Flowers and chocolates
This Valentine's Day, make your gifts mean something more.
Thu, Feb 11 2010 at 4:48 PM
We’re all looking for more ways to say “I love you” on Valentine’s Day, and chocolates with a bouquet are two of the most easily understood and appreciated expressions of feeling (even for the tongue-tied and inexpressive). However, chocolate and most flowers sold in the U.S. are cultivated in tropical regions, so a little extra care taken to choose environmentally friendlier gifts will only enhance the message to your loved one, not to mention help avoid residues of pesticides on petals.
Floriculture is big business with $200 million in imported roses alone sold in the U.S. each year. As with many other flowers, most roses are grown in Central and Latin America and may still bear the traces of pesticides used there — in some cases, pesticides that are banned for use here. These pesticides can endanger the health of farm laborers in the countries the flowers are grown in, and their residues aren’t that good to have in your home, either. Locally grown can be a good choice, but unless grown with low- or no-pesticides, your flowers may still have more on them than meets the eye.
Cocoa, meanwhile, comes to us more frequently at the expense of other rain forest life as farmers cut down tree canopy to try to gain higher crop yields under full sunlight. The process requires more fertilizers and pesticides that pose an additional threat to nearby wildlidfe and waterways, while destroying habitat and removing a carbon sink. Cocoa also has a sad history of forced child labor in Africa, a blight on this sweet we associate with good feeling and celebration.
In many cases, because both are tropical products, the environmentally responsible choices are similar. Here are third-party verified labels to look for:
Administered by the independent verifier Scientific Certification Systems, Veriflora requires farmers to convert to organic farming practices, reduce the use of synthetic chemicals, build soil health to capture and store heat-trapping gases and protect habitat to foster biodiversity. Children under 15 and forced labor are explicitly banned by Veriflora certification.
The Rainforest Alliance (RA) certification covers many areas, but its focus is on ensuring the ongoing survival and health of rain forest habitats and communities. Certification requires that native species of trees shades at least 40 percent of the land. Though this produces healthier cocoa plants and reduces the need for pesticides, the certification does allow the use of some pesticides.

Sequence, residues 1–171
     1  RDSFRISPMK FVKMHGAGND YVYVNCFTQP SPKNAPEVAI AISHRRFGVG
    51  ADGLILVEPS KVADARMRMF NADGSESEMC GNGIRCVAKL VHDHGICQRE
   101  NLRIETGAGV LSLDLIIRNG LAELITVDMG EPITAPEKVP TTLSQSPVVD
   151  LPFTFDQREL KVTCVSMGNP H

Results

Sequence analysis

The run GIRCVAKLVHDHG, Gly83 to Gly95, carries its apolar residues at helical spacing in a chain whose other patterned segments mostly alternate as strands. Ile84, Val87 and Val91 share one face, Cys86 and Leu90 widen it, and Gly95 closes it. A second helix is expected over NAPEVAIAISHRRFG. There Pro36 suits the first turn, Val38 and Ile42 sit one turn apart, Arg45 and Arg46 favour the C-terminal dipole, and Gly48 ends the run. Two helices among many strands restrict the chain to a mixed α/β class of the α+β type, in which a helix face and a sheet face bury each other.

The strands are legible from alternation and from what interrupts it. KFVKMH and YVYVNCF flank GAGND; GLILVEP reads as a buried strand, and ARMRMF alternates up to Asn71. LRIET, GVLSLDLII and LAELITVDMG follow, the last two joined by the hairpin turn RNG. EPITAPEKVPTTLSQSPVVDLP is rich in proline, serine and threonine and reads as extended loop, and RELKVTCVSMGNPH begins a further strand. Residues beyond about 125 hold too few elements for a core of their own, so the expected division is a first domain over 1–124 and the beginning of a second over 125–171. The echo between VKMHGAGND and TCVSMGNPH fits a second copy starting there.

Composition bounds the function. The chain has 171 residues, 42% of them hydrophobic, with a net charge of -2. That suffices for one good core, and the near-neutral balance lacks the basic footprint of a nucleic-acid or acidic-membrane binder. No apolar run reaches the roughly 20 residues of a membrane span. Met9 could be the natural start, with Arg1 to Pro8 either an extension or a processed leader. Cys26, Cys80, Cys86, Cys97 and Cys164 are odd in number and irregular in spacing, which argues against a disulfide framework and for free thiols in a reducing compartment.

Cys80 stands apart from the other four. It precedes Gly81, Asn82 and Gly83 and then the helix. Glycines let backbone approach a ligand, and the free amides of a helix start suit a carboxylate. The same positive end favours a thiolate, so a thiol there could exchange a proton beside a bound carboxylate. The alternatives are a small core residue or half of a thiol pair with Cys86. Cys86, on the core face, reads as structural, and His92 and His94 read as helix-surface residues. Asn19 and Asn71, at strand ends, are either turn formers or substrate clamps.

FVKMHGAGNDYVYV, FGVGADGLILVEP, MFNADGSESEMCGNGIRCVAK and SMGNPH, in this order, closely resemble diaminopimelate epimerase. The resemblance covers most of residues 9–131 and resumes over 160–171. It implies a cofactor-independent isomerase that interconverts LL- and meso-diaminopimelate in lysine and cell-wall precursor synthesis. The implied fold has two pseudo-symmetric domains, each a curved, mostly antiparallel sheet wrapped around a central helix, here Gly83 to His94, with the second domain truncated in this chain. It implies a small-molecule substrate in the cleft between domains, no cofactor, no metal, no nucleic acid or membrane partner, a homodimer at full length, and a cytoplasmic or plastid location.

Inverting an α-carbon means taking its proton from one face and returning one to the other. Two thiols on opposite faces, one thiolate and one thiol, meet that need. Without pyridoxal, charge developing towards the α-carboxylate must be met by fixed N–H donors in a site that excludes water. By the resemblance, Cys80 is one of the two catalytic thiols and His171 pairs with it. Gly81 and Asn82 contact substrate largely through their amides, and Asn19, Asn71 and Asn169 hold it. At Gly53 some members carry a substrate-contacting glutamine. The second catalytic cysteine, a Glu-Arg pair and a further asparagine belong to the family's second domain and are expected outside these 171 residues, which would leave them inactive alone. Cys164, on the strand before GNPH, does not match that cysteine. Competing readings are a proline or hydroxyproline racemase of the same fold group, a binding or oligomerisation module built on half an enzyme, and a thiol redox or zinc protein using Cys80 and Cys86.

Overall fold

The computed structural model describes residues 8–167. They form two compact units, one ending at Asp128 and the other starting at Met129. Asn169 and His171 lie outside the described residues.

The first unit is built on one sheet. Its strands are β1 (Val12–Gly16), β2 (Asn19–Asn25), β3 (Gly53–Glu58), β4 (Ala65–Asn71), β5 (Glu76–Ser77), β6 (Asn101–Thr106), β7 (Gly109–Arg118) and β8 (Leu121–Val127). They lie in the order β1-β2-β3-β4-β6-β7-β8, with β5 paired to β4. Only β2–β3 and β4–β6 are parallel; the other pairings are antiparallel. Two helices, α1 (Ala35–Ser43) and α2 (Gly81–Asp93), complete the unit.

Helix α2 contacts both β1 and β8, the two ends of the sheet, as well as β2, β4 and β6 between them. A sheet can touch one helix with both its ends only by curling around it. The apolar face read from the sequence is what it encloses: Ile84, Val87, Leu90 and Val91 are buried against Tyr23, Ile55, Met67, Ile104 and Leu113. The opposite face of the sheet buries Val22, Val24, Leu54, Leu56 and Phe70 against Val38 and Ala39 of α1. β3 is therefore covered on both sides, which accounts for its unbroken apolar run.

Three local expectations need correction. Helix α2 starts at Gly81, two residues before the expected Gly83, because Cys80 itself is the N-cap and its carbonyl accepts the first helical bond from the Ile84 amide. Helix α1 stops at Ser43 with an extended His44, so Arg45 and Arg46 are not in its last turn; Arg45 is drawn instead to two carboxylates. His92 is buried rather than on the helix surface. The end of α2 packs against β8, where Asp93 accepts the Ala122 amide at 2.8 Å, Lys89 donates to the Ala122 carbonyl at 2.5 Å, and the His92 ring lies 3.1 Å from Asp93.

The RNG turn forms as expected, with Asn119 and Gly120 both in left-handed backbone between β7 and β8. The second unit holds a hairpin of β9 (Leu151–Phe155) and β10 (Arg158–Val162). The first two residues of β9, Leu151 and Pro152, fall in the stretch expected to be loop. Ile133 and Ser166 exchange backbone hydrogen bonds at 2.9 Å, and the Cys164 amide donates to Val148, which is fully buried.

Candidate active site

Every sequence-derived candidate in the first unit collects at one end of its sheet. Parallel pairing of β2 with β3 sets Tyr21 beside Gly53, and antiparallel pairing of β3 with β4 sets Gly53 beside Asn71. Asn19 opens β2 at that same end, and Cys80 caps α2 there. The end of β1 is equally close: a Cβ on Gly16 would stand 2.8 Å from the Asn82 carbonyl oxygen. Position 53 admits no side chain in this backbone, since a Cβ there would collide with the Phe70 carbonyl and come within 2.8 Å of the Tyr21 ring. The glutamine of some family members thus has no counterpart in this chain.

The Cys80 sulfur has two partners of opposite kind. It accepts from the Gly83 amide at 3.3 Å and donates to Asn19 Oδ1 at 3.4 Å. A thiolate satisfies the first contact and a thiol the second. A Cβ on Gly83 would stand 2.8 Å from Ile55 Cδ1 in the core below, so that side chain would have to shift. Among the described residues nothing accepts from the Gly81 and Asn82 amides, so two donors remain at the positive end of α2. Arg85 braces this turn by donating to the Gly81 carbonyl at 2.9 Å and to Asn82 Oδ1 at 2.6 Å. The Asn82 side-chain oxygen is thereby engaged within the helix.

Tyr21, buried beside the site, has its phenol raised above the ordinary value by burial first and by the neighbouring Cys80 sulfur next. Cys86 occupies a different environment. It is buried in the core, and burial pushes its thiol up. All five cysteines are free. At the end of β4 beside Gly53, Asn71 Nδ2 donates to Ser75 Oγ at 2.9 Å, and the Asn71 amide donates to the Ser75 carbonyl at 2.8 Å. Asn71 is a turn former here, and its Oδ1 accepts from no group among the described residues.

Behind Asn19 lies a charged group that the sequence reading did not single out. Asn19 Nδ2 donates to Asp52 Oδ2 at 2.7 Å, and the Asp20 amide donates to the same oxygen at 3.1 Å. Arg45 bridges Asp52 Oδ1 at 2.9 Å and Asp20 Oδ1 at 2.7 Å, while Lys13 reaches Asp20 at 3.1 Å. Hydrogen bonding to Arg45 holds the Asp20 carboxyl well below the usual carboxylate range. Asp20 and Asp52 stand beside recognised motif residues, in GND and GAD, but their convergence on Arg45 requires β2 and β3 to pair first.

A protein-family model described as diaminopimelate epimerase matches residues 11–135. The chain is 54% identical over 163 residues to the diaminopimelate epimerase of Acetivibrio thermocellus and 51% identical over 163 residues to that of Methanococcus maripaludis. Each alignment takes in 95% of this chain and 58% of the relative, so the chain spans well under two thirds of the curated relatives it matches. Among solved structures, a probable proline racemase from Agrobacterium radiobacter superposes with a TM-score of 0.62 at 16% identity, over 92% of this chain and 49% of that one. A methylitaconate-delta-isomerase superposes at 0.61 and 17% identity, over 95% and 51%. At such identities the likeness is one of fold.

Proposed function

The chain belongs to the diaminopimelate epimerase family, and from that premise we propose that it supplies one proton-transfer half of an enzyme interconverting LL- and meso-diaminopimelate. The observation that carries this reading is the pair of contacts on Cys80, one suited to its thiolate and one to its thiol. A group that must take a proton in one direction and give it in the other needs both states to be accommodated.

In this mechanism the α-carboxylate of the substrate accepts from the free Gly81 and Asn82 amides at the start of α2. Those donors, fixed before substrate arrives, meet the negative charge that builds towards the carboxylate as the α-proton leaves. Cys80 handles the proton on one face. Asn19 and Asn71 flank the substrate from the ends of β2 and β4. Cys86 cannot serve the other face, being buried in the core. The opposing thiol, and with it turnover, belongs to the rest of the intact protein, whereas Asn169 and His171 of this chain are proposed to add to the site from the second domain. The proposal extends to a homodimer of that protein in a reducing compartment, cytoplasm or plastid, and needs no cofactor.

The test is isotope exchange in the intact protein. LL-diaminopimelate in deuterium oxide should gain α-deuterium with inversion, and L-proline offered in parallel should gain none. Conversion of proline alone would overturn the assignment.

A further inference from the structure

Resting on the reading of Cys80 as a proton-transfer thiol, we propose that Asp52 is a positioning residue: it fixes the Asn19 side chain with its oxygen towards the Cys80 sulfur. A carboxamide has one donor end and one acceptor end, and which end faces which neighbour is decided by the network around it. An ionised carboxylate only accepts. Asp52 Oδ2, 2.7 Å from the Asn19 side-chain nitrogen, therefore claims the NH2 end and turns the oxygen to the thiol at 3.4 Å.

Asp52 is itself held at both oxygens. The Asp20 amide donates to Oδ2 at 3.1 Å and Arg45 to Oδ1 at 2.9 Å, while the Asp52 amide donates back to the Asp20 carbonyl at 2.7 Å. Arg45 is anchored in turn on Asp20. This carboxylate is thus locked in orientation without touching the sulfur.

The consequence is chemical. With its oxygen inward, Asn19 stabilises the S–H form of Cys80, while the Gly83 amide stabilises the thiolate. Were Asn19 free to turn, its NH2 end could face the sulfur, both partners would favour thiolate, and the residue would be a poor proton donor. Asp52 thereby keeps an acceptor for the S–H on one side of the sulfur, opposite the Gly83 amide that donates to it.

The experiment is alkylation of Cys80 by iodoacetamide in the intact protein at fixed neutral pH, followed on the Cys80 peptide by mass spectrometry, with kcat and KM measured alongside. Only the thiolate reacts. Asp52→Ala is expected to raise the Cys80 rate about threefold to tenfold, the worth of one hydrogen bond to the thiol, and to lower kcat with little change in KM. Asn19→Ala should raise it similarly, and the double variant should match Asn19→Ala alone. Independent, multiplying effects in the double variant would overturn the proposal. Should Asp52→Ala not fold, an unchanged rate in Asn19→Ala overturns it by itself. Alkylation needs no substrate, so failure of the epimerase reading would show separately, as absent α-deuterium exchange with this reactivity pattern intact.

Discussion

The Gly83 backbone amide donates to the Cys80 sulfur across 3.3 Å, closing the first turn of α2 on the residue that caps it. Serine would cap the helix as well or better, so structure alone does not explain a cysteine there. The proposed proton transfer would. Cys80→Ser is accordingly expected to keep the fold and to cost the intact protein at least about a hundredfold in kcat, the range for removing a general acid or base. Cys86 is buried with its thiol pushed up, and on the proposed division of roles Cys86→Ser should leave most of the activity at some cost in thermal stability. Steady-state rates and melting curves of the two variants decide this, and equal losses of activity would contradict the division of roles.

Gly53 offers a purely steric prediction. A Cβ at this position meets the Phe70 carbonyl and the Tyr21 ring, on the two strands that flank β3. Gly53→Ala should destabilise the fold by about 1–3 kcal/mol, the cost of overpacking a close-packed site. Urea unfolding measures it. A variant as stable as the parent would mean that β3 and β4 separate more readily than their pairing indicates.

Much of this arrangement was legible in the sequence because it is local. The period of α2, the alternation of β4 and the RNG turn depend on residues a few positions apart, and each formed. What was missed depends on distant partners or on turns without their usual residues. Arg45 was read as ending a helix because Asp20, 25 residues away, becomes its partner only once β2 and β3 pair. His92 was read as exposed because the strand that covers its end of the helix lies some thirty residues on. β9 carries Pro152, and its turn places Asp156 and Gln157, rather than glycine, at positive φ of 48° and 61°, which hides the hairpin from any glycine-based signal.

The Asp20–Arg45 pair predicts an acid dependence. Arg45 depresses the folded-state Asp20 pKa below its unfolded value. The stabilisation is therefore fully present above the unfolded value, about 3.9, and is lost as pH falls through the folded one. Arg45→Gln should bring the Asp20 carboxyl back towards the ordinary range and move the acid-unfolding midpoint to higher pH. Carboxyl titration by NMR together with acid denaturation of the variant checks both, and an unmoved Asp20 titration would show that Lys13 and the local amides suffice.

For flower production, the Rainforest Alliance created standards to conserve water and soil, minimize use of pesticides and synthetic fertilizers, protect habitats and promote safe working conditions.
All Rainforest Alliance certified farms must comply with strict labor rules, pay living wages, provide training and education or scholarships to workers and their children.
Fair trade certification, administered in the U.S. by Trainsfair USA, aims to compensate farmers adequately for their work by imposing a minimum rate that buyers must pay to farmers. Furthermore, 10 percent of profits are re-invested into a community development fund, the use of which is decided collectively by the workers.
Transfair’s environmental standards include a list of prohibited agricultural chemicals, a requirement to transition to integrated pest management and the development of organic practices. The certification has additional measures governing the use of pesticides, water conservation, treatment of wastewater and protection of ecosystems.
Certified-organic flowers and cocoa are grown without synthetic, petroleum-based pesticides or fertilizers. Although organic certification doesn’t include fair trade provisions or require shade-grown farming for cocoa, the certification will eliminate pesticide residues and preserves workers from exposure to these hazardous chemicals.
This article was reprinted with permission from SimpleSteps.org.
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